If you want to avoid the crowds and the coaches, discover unspoilt islands and pristine national parks, or maybe even be warmly greeted by locals who have perhaps never met tourists before, then head off the beaten track. Some of these destinations may be new stars on the rise, some may be secret pockets in some of the most popular countries to visit, but they each promise their own memorable adventures.
Who doesn’t love a phoenix story, a tale about overcoming adversity? When Albania emerged free from the shackles of Communism in the early 1990s, it was incredibly backwards, and although Albania has now arguably caught up with the rest of Eastern Europe, its isolation has led to ancient mountain codes of behaviour, archaeological sites and villages where time seems to have stood still – but this just adds to Albania’s charm. This isn’t all that Albania has to offer; with coastlines on both the Adriatic and Ionian seas and an interior criss-crossed by the Albanian Alps, there’s an abundance of sheer natural beauty to be admired. A thriving capital, Tirana, is waiting to be explored, whilst the Albanian Riviera is populated with traditional Mediterranean villages and stunning beaches to rival other top European coastal destinations – Albania is an up-and-coming Balkan star.
Go to: Tirana, Albania’s capital, renowned for its colourful architecture dating back to the Ottoman, Fascist and Soviet eras; the UNESCO-listed town of Berat; Sarandë, Durrës, Vlorë and Dhërmi are all known for their beaches - head to Dhërmi in particular for sea turtles! For hiking, backpacking and waterfalls, visit Theth.
With its dazzling, clear aquamarine waters and pristine pure white sands, Anguilla sounds so far so typically Caribbean. However, as a mostly flat desert island, no nonstop flights from the U.S. and no port for cruise ships to dock, Anguilla offers a low-key escape, complete with a relaxed vibe. Its locals value privacy and peace – no Jet Skis are allowed for fear of noise pollution – and it makes a charming alternative to the nearby hustle and bustle of the more boisterous St Martin.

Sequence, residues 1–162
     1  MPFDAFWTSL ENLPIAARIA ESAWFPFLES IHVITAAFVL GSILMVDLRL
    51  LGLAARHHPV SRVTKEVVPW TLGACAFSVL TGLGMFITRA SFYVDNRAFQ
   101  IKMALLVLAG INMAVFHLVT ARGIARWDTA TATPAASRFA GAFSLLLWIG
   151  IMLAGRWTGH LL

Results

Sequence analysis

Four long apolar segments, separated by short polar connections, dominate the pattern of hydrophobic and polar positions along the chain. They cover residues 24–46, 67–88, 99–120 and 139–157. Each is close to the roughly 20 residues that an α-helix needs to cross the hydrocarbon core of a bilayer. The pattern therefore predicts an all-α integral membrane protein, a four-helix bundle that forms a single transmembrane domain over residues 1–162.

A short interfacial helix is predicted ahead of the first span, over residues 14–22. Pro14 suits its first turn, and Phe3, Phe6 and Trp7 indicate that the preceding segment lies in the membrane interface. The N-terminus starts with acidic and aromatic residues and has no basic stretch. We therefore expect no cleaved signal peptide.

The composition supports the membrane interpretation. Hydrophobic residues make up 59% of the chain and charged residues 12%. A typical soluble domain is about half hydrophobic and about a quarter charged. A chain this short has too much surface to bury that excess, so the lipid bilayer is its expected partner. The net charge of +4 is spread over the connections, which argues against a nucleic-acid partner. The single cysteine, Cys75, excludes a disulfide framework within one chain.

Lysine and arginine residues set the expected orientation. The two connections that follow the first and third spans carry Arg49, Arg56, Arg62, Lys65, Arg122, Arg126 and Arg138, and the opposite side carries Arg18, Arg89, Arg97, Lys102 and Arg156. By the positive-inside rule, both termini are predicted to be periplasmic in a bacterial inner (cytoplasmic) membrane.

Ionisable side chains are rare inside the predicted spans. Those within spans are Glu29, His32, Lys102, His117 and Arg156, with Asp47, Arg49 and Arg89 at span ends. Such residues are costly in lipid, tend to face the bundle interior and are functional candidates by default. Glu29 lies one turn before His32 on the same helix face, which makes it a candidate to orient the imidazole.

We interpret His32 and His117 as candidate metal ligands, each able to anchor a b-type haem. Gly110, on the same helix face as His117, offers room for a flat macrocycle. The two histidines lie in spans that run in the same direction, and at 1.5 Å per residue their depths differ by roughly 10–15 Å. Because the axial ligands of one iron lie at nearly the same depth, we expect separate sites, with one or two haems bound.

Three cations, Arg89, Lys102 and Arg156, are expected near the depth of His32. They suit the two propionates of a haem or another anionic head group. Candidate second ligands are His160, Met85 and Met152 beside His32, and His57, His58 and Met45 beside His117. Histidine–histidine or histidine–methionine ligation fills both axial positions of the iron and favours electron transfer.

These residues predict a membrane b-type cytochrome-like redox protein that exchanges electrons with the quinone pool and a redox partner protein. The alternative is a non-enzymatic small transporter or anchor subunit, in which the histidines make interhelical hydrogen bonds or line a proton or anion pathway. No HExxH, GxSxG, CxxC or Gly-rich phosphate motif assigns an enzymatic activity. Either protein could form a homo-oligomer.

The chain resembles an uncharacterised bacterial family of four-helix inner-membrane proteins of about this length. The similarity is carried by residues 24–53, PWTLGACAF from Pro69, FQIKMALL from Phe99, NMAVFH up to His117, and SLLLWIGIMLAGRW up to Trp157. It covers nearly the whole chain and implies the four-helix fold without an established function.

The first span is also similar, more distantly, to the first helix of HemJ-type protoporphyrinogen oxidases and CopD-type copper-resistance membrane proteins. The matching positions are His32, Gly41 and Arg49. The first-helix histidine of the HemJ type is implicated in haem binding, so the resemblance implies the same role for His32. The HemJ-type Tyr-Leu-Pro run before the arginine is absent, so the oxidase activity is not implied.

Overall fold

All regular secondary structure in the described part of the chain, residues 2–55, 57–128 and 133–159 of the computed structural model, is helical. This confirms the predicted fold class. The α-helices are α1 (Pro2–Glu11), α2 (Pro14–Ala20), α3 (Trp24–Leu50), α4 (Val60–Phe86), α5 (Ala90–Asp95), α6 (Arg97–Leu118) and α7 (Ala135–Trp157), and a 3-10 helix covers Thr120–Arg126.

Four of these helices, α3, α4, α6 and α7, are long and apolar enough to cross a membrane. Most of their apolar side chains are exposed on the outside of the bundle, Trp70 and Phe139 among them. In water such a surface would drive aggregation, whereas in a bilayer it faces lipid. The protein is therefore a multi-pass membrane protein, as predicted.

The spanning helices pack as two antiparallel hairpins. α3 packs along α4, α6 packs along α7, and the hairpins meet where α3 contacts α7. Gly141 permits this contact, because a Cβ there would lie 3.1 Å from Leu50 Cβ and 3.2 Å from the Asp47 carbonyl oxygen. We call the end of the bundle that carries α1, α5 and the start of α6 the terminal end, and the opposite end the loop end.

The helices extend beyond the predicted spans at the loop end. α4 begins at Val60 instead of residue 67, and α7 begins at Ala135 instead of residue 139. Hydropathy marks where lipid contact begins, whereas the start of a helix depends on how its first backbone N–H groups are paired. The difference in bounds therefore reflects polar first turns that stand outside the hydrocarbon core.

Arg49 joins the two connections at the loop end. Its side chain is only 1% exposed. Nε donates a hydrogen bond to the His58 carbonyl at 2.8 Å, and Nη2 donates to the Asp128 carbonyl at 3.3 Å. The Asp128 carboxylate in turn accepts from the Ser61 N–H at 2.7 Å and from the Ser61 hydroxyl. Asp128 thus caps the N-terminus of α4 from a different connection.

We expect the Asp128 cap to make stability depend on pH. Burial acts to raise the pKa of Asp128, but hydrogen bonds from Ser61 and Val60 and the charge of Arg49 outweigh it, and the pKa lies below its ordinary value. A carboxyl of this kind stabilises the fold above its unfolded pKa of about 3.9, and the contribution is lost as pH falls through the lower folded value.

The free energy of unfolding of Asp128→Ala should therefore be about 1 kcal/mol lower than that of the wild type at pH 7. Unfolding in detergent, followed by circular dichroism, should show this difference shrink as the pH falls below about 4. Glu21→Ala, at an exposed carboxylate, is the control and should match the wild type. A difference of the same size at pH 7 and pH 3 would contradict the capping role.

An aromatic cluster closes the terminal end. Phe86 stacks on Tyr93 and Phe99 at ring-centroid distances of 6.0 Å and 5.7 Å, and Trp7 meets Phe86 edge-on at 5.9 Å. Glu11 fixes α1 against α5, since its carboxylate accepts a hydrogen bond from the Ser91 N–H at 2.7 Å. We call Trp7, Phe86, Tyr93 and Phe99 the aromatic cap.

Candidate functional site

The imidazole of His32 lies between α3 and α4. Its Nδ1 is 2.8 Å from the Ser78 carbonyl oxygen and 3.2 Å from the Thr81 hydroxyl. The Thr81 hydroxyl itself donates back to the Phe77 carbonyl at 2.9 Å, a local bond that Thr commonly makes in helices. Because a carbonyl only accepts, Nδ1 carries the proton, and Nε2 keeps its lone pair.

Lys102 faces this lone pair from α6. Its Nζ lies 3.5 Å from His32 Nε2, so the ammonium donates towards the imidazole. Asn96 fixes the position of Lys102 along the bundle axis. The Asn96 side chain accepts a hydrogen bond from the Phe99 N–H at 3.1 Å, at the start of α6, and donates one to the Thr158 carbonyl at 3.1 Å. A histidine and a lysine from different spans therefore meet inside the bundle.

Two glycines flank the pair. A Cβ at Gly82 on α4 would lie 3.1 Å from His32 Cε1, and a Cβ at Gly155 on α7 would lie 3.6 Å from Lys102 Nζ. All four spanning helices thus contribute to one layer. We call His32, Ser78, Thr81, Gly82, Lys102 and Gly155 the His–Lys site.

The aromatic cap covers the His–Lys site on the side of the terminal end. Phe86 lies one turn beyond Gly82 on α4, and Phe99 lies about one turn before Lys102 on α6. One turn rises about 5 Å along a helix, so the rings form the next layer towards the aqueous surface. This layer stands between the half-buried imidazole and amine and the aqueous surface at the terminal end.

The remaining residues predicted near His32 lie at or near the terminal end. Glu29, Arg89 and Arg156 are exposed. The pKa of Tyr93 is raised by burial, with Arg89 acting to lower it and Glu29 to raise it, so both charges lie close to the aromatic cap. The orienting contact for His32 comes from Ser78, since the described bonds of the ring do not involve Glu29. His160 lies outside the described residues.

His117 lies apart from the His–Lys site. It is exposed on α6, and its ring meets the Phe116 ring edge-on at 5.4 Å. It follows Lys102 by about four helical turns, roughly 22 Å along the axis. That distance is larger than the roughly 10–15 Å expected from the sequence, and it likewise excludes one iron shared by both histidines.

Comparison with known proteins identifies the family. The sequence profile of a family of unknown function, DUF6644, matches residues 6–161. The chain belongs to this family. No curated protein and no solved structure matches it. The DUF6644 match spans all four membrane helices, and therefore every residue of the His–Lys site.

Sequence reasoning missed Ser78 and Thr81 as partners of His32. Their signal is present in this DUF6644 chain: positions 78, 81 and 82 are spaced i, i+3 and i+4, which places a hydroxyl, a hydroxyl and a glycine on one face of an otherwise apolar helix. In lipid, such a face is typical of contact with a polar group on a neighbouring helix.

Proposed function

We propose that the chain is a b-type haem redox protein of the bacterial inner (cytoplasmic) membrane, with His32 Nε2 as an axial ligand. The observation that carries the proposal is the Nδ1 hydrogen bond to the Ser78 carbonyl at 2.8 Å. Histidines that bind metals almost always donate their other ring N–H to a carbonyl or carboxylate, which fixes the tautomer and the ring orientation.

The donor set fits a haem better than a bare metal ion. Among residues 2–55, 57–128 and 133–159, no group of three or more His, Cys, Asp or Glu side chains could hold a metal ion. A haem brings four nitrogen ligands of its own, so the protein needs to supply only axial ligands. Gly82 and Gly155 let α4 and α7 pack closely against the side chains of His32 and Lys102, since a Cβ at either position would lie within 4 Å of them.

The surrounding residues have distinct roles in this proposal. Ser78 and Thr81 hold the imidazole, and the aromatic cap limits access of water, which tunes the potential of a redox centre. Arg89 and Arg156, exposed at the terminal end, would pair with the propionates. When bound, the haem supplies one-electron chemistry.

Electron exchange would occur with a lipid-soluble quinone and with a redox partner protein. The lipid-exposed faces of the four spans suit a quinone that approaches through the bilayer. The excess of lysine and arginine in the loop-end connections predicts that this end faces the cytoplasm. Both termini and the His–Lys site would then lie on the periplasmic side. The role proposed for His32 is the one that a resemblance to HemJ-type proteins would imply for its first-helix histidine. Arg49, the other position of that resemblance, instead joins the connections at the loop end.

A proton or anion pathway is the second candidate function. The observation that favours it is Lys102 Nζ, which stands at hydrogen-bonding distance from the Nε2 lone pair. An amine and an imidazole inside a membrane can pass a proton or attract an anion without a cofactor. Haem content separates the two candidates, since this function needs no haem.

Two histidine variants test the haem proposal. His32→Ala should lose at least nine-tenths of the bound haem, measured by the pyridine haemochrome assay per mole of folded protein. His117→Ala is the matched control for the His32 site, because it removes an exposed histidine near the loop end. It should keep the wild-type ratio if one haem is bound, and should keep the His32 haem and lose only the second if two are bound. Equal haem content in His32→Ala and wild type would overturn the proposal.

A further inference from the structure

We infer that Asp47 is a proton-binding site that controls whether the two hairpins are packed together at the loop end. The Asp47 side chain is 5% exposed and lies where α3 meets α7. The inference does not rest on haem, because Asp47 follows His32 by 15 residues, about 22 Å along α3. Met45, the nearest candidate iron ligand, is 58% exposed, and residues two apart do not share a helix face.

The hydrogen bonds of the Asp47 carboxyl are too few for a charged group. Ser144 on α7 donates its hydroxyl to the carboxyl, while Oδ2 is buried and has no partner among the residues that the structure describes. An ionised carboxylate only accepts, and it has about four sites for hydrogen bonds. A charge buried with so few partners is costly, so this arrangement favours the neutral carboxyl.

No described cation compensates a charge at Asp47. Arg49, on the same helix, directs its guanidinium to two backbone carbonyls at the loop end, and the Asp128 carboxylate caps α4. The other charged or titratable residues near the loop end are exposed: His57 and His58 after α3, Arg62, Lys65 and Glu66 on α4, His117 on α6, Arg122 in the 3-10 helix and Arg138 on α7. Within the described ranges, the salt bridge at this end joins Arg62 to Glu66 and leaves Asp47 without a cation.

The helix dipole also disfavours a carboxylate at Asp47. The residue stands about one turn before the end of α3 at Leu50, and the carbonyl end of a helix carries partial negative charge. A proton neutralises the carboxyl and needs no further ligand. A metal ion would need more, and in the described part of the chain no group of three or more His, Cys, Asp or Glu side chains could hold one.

For perhaps the ultimate in remote adventures, head to the South Pole and the seventh continent, the incomparable Antarctica, renowned for its unique frozen landscapes and remarkable wildlife. Each season brings different sights for visitors, from peak whale sightings to hatchings of baby penguins, or receding pack ice allowing ships to explore further south. Although tourism to Antarctica dates back to the 1950s with Chilean and Argentine ships starting to carry fare-paying passengers to the South Shetland Islands, a formal association for visitors or private-sector travellers was not set up until 1991. With visitors numbers restricted to preserve the sustainability of the landscape and wildlife, and its remote location a trip to Antarctica is truly off the beaten track, and a once-in-a-lifetime adventure.
The land of the thunder dragon, Bhutan is an extraordinary country, a Himalayan kingdom with a strong, traditional Buddhist culture, complete with famously colourful dance festivals (tsechus), and a reputation for mystery and magic. Also known as the land of serenity and the land of happiness, the Bhutanese pride themselves on a philosophy of ‘Gross National Happiness’. Here you’ll discover red rice, and a plethora of natural wonders, as you explore mountains carpeted with thick forests, home to unique mammals and birds; the law requires at least sixty percent of the country must always be forested for all future generations. The landscape is strewn with majestic fortress-like dzongs and monasteries, and you’ll meet charming, friendly and well-educated local people.
Go to: Thimphu, the increasingly growing capital, which may recently have seen the introduction of vehicle traffic and is starting to grow, yet you’ll still discover some incredible Buddhist sites, including the massive Tashichho Dzong, and meet crimson-robed monks and government ministers wearing traditional ghos and kiras on your travels. Other destinations to check out in Bhutan, where you’ll discover more examples of the unique Bhutanese dzongs include Paro, near the famous Tiger’s Nest monastery, the former capital Punakha, and Phuntsholing, where you can also discover a wildlife refuge. Nature lovers should head to Royal Manas National Park, Bhutan’s oldest national park and home to clouded leopards and Bengal tigers, or Jigme Dorji National Park, the second largest in the country, where you can look out for snow leopards.